Astrobotic Technology Inc. has built Polaris, a full-size prototype of a solar-powered robot, that will search for potentially rich deposits of water ice at the moon’s poles. The solar-powered “water-prospecting robot” will be exploring moon’s northern poles where the Sun seldom shows up.
U.S. and Indian orbital probes have found clues that there is a high probability of having solid water (ice) deposits at the lunar poles. The permanently shadowed regions of moon’s poles show strong signs of holding ice deposits. This ice deposits could be a source of water, fuel and oxygen for future colonies. And to explore the areas, Astrobotic Technology has built Polaris.
One of the biggest challenge of Polaris is to catch enough light to keep itself running in a region where the Sun hardly shows up. The rover has to generate 250 watts of power to keep itself alive. To make sure that the rover gets enough power to go on, it is fitted with three very large vertical solar arrays. The dimensions of the robot are as follows.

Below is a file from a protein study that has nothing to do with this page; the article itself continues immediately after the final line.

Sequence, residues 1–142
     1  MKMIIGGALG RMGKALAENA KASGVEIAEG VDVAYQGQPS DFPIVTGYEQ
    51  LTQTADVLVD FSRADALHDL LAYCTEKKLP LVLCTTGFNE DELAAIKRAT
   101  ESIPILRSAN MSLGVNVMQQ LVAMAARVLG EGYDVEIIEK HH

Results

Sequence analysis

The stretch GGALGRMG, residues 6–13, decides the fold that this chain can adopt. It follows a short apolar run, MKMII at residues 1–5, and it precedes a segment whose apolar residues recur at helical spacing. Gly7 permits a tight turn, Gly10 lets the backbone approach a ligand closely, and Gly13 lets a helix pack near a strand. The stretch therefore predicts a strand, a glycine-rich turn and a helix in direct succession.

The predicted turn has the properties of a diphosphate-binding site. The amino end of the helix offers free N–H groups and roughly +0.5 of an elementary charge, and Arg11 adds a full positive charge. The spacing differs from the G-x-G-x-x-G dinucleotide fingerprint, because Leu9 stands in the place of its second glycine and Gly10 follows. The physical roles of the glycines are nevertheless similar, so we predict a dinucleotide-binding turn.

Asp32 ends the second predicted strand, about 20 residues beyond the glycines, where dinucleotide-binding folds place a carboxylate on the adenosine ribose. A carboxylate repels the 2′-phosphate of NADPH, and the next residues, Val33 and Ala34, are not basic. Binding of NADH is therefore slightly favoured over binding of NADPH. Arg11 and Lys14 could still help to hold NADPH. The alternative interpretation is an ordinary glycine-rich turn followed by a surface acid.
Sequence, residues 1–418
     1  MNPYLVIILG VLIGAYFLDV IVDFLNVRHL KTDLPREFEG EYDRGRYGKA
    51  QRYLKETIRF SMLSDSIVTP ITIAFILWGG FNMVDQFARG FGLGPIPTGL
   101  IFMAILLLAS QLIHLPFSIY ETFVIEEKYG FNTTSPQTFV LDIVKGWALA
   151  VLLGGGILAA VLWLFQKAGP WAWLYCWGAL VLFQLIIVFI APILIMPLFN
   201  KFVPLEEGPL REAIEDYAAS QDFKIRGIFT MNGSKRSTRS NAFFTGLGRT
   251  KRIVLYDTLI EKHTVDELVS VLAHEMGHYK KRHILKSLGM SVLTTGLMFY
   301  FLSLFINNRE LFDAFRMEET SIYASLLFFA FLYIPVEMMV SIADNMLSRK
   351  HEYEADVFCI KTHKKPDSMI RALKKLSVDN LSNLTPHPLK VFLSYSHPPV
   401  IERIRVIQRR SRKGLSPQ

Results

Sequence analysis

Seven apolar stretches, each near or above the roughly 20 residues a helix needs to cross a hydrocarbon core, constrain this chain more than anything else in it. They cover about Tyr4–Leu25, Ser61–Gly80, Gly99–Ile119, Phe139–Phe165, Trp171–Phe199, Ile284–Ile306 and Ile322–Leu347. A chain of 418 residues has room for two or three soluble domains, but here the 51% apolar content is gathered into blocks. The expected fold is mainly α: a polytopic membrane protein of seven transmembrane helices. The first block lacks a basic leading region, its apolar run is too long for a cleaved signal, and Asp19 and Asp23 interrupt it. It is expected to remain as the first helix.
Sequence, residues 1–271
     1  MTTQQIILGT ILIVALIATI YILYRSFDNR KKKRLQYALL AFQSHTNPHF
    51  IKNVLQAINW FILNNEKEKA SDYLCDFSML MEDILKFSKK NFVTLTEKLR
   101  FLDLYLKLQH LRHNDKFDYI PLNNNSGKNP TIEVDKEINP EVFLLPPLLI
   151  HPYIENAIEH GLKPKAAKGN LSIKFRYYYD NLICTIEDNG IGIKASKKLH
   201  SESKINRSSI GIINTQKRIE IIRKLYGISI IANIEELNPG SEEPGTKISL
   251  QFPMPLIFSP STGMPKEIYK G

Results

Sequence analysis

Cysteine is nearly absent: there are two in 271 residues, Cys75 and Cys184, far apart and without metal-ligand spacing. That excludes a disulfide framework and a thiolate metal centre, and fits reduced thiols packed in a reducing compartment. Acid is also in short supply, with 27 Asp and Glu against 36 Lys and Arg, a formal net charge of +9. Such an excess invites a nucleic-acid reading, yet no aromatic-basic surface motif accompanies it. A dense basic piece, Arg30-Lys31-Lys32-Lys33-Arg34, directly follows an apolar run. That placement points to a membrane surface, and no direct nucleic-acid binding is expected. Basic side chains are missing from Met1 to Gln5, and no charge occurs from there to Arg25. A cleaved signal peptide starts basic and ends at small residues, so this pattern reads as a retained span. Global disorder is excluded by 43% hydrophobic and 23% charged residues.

Height : 5 and a half feet (1.67 m)
Width : 7 feet (2.13 m)
Length : approximate 8 feet (2.43 m)
Weight : 150 pounds (68.03 kg)
Diameter Of Wheels : 2 feet (60.96 cm)
Polaris can carry a bit more than 150 pounds (70 kilograms) of weight. It will travel over the rough terrain of the moon at about 1 foot (30.48 cm) per second.
Withing this year, Astrobotic will test and improve Polaris’ vision, navigation and planning software. SpaceX Falcon 9 will take Polaris to the moon. Once Polaris arrives on the Moon, it’ll spend 10 days, travel minimum 3 miles (4.82 km) and drill 10-100 holes in the lunar surface. If Polaris manages to survive the 14-day lunar night (also can be called Fortnight), the mission might be extended for few more days.